Digital terrestrial TV could be shaping up as a damp squib, Alasdair
Digital television will happen whether we like it or not. Remember the
transition from vinyl albums to CDs? People weren’t sure about CDs to
begin with - suspecting a con - but the electronics industry had decided
it was time everyone upgraded to a new generation of equipment.
In five years’ time, buying a new analogue TV will be about as easy as
buying vinyl is now. By then, of course, we will have allowed ourselves
to be convinced about the merits of digital - most of which come under C
Greater capacity means not just more channels but a richer mix of
options within each one. That will mean being able to transmit high
definition, wide-screen pictures; or pictures plus data; or giving
viewers access to all the camera positions at a football match and
allowing them to do a spot of picture editing from their armchairs.
The only real issue concerns just who is going to win the digital game.
And it’s a big issue - the losers might end up not playing at all. Last
week, the Government began the laborious process that will lead to the
allocation of licences for terrestrially delivered digital services,
with existing broadcasters being asked to declare their intentions.
Of the six digital multiplexes - each multiplex will be able to carry up
to six channels - two have been reserved for the current broadcasting
The BBC, which is keen, will have a multiplex to itself, where it will
‘simulcast’ most of its existing BBC television output in wide-screen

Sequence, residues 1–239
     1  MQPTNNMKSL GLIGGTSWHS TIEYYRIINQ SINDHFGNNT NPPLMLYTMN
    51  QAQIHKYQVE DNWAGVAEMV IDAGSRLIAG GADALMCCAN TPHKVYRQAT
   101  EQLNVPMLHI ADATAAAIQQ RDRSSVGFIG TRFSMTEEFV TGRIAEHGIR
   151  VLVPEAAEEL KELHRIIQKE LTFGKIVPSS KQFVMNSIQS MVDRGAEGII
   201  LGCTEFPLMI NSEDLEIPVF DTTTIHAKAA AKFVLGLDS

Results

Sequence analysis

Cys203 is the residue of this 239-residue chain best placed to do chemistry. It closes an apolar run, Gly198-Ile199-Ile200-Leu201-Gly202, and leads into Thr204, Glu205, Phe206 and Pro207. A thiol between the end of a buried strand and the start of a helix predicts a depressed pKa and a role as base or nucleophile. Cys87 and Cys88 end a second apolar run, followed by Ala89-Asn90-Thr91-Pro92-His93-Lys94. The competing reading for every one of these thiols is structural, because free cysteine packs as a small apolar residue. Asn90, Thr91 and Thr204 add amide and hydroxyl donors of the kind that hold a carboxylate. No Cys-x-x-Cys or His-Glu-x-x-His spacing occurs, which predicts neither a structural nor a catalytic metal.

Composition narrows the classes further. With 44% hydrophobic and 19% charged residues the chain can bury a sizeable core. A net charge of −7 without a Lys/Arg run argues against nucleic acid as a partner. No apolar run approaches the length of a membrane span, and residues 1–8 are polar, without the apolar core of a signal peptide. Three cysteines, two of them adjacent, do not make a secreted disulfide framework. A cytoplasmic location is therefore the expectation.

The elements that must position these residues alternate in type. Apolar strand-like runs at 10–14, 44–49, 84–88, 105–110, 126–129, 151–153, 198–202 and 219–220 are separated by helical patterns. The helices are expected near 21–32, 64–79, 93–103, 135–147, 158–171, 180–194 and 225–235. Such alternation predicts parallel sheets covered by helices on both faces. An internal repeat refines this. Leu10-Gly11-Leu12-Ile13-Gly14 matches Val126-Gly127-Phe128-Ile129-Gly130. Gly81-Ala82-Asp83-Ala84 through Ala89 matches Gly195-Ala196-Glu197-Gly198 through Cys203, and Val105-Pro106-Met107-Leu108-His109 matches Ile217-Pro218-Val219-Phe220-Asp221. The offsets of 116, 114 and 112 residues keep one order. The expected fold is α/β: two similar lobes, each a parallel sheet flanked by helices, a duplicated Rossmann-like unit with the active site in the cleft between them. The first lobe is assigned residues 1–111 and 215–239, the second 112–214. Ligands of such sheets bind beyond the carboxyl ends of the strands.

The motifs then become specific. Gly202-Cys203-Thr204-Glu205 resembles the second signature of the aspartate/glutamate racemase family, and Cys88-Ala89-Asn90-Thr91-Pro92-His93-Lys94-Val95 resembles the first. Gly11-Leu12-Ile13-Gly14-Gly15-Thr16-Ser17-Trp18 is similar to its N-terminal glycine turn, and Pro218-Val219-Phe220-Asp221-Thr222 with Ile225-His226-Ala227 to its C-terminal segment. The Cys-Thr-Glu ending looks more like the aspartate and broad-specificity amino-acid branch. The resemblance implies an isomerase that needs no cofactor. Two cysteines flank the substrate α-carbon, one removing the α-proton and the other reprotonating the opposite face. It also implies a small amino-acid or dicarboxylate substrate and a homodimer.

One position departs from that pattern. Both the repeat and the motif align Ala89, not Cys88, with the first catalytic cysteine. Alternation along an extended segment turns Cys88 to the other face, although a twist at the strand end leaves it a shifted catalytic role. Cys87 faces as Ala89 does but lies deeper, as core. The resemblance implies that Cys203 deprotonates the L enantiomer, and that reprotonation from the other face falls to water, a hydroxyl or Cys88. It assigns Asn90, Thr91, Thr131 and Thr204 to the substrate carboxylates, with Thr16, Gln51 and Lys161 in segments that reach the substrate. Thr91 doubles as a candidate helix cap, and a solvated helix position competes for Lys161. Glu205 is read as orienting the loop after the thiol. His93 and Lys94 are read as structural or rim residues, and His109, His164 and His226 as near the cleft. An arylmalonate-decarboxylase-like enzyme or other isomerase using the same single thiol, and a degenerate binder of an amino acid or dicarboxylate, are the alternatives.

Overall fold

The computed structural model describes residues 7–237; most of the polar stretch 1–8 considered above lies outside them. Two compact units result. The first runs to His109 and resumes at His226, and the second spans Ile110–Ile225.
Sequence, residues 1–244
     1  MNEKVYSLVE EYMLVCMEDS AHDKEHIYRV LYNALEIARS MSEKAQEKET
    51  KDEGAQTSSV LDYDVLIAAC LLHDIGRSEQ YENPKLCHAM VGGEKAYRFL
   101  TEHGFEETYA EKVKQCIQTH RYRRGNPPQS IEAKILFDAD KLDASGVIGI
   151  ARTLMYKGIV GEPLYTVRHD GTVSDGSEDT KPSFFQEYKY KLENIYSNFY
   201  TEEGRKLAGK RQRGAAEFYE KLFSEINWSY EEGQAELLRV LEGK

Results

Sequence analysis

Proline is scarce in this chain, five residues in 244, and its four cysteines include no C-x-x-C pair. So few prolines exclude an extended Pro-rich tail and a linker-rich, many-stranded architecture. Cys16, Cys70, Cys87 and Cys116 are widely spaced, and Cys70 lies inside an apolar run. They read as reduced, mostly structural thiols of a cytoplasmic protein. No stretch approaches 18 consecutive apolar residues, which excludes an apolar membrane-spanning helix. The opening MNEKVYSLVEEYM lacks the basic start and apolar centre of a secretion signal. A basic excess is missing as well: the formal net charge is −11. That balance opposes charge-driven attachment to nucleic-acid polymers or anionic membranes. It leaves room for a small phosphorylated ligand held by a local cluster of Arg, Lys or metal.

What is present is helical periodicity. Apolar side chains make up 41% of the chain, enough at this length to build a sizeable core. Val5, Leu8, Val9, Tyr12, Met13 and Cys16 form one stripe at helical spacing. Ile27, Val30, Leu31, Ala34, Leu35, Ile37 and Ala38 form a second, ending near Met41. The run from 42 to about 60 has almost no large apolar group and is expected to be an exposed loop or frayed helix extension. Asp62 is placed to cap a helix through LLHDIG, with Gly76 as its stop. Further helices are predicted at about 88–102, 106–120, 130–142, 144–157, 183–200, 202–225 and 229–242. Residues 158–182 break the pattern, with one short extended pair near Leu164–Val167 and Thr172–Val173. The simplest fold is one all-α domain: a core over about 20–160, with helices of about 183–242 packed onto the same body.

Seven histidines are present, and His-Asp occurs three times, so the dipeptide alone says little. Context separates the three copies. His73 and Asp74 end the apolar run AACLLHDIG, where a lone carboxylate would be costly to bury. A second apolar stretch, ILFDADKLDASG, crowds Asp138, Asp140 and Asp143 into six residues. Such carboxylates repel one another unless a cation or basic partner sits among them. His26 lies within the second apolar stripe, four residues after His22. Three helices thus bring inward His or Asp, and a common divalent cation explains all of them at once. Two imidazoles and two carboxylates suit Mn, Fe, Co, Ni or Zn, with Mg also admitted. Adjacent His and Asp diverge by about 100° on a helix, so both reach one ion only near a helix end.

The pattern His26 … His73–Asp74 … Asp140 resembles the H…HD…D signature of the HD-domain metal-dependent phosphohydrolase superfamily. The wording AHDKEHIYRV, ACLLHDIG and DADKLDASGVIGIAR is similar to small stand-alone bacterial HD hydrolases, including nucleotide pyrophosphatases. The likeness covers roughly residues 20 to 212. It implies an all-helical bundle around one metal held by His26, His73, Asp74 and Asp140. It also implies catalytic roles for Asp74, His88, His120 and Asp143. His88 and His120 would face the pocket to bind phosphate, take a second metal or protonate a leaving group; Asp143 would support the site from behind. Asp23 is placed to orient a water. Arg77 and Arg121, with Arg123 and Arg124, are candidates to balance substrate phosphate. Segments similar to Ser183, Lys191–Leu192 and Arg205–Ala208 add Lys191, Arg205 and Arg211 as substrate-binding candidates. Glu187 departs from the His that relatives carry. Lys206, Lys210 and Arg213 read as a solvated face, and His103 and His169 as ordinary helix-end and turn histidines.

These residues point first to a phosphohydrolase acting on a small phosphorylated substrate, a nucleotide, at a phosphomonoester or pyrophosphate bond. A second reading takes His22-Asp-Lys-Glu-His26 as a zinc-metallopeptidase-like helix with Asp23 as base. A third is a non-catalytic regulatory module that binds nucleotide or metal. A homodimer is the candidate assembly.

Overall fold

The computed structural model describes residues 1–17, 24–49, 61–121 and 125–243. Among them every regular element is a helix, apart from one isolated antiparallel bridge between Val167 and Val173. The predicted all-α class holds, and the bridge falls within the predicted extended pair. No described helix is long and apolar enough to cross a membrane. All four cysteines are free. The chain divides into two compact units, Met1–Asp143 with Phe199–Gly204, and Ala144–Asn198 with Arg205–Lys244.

format. Other services will include a 24-hour news channel, educational
programming and a service to ‘support’ its BBC1 and BBC2 output.
Lobbying has already started for an increase in the licence fee.
ITV, plus Channels 4 and 5, will get half of another multiplex, again
mainly for simulcast transmissions. The rest of the terrestrial digital
capacity will be advertised later this month. ITV companies can apply
for space on these multiplexes - and presumably we’ll see the big guns
falling over themselves to establish a lead in this brave new digital
world, won’t we?
Well, not necessarily on terrestrial frequencies. Granada is reportedly
lukewarm about the whole idea and Carlton, although making all the right
noises, is scarcely more enthusiastic.
Digital terrestrial could be shaping up as the damp squib of the decade.
The reason? Look no further than Rupert Murdoch. BSkyB is already
building experience of digital broadcasting in Germany, where it is a
shareholder in the recently launched DF1 system. And Murdoch plans to
launch digital satellite channels next year in the UK - a full year
before terrestrial is scheduled to come on stream. There will be rather
a lot of them too - more than a hundred, in fact. It makes terrestrial
plans look rather puny.
But this isn’t the only factor in satellite’s favour. Mark Palmer, the
communications strategy director of WCRS, explains: ‘Whether it comes
via satellite or terrestrially, you still need to buy a box to decode
it. If you’re buying a box, why don’t you go the whole hog and get a
satellite box? But the point is that the people likely to buy a digital
box are the early adopters who already have satellite. BSkyB has the
database with the names of the people most likely to want digital.
‘Then there’s the issue of making it pay. Revenue will come mainly from
subscriptions and Murdoch has the technology and the programmes - sport
and films - people are willing to pay for.’
It’s slightly ironic, given that the beauty of digital is that it
creates so much more space on conventional airwaves - but in all
probability, by the time digital terrestrial gets out of the blocks, the
race will already be history.